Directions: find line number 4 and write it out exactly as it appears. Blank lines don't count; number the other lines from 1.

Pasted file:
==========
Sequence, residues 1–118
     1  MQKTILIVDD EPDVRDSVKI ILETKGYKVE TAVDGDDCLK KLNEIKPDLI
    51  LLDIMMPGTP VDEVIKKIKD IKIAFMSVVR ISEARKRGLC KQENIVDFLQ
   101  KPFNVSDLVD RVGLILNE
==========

   101  KPFNVSDLVD RVGLILNE